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August 01, 2005



Magnola is an odd movie which, after having watched nearly 2 dozen times I'm still picking details out of.

It does come together, just not in the sense you'd think. The key to the movie is mid movie during the game show. An audience member holds up a sign that says "Genesis 8:2", a stage hand quickly takes the sign away. Exodus 8:2 reads: "And if thou refuse to let them go, behold, I will smite all thy borders with frogs". In the movie after the borders are smited with frogs, all the charicters are finally able to let go of thier past, even though ""the book says, we might be through with the past, but the past ain't through with us."

The numbers 8 & 2 are also hidden everywhere throughout the movie, including weather forecast: 82% chance of rain, a gambler needs a 2 in blackjack but gets an 8, the coil of rope when the boy commits suicide, the first temperature reading etc. etc. Also magnolas are hidden as well.

After the frogs start to fall, Jim Kurring and Donnie Smith take cover under a Mobil gas station. The original name of Mobil was Magnolia Petroleum. The Masons symboligy is also worked in many times as well. When Jimmy Gator's producer puts his hand on his shoulder, before the show starts, we see he is wearing a ring with the Mason's symbol on it. Similar to the Masonic farewell, "We met upon the level and we're parting on the square", the phrase is a Kipling quote, "tried on the square" is part of the official Masonic farewell. One of Stanley's library books is "A History of Masonry". The 82nd Mason lodge is located in Magnolia, Arkansas.

No I didn't do that all from memory, I went to http://imdb.com/title/tt0175880/trivia


I find that sort of thing interesting, but -- and this is a huge BUT -- one shouldn't have to work that hard to "get" a movie. That sort of trivia should just be gravy, a reward for anyone who cares to notice or anyone who watches the movie that many times. I think the movie could have been a lot more accessible and meaningful if it had been tightened up. A lot. And I'm not talking about just accessible for the masses -- Anderson is clearly not after that, and I consider myself a much more savvy movie-watcher than most. I just ended up feeling that all (or most) of those wonderful actors and roles ended up with no place to go. And I'm not sure I can ever forgive Anderson for making them all sing that Aimee Mann song. That was downright embarrassing.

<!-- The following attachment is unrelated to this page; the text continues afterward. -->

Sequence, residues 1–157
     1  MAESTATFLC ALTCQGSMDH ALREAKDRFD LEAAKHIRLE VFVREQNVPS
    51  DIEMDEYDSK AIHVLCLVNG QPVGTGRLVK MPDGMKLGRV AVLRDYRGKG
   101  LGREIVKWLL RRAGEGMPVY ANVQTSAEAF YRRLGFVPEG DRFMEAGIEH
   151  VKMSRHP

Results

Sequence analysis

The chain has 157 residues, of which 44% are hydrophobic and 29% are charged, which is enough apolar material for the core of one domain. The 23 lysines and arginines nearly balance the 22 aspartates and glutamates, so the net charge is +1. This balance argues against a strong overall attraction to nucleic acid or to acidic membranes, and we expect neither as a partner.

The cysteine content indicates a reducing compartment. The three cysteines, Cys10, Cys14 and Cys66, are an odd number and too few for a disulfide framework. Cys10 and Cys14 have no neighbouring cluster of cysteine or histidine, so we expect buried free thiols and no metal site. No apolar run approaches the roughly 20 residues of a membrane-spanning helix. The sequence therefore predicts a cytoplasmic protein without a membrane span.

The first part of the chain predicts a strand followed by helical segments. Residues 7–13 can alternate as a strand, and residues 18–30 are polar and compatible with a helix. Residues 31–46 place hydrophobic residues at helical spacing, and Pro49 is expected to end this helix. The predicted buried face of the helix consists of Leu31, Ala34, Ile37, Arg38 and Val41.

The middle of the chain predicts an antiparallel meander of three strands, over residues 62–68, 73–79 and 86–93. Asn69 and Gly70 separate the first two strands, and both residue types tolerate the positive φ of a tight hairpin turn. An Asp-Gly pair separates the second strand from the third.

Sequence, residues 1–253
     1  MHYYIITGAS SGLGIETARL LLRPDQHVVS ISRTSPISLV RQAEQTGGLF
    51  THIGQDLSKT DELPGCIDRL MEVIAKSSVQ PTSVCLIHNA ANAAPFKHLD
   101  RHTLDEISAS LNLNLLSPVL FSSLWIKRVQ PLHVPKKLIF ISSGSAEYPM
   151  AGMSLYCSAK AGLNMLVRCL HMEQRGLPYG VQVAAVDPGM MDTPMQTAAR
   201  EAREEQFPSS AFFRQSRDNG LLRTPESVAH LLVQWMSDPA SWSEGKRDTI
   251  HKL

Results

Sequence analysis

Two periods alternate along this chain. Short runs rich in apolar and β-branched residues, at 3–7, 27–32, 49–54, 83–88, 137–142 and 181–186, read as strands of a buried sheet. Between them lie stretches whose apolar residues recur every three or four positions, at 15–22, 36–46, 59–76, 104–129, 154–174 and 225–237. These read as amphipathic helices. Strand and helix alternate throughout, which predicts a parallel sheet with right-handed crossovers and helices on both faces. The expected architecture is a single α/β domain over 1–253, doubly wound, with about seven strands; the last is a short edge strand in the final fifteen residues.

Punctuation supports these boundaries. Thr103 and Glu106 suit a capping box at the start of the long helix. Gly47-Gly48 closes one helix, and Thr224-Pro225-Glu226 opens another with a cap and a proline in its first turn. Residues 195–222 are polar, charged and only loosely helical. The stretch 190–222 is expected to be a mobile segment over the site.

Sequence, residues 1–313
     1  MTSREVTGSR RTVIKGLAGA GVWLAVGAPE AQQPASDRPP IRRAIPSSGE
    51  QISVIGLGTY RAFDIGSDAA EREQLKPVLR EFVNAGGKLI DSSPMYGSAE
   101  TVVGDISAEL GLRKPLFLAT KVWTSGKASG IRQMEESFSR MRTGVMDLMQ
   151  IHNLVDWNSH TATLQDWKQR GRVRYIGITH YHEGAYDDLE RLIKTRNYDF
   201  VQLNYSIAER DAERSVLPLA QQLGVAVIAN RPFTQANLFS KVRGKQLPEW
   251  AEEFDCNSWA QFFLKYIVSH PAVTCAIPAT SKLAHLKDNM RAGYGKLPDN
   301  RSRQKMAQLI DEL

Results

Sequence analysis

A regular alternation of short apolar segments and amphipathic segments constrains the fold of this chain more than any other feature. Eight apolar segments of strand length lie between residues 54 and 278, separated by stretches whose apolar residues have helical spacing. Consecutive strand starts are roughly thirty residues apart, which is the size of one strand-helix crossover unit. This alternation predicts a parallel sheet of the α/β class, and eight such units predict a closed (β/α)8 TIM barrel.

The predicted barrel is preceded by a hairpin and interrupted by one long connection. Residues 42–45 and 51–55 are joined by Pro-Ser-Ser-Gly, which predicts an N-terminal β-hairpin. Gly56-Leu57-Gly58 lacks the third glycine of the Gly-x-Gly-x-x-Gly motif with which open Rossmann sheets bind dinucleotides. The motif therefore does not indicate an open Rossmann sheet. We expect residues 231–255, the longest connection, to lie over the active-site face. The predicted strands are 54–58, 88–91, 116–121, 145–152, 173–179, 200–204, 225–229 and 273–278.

I'm with Crut... I highly recommend giving Magnolia a second (and maybe third) look. While I agree that, perhaps, the film is a bit too long, I'm not sure what I'd have cut. Julianne Moore's character always seemed the most extraneous, but even it is worth keeping. Bill Macy's character has to exist so that the game show kid has meaning, and the game show kid has to exist so that Phillip Baker Hall exists, which has to exist so that Melaura Walters exists, so that John C. Reilly exists.... it just goes on.

As for the Aimee Mann part, I found that haunting and moving, though I'm the kind that tends to be moved by stuff like that. It's such a startling moment that you don't expect. I don't know... by that time, I'd bought into the movie, so I was willing to go wherever it took me.

As for the "Biblical" development, I understand why people hate it, but you can't knock it like it was something that was just "snuck" in there. It was foreshadowed from the very beginning and, to a guy who always loves to find the religious undertones in, well, everything, it was perfect.


But a good deal of it could have been rewritten to allow for fewer characters and a tighter, shorter film. The performances were terrific -- but too brief and shallow. Lots of my favorite movies are really long, so that's not the problem. And I tend to enjoy movies that consist of intertwining vignettes, so that wasn't it either. I just don't think that Anderson was entirely successful here. Which isn't to say that I'm sorry I saw it, not at all. Just that I was disappointed that its potential wasn't fully realized.

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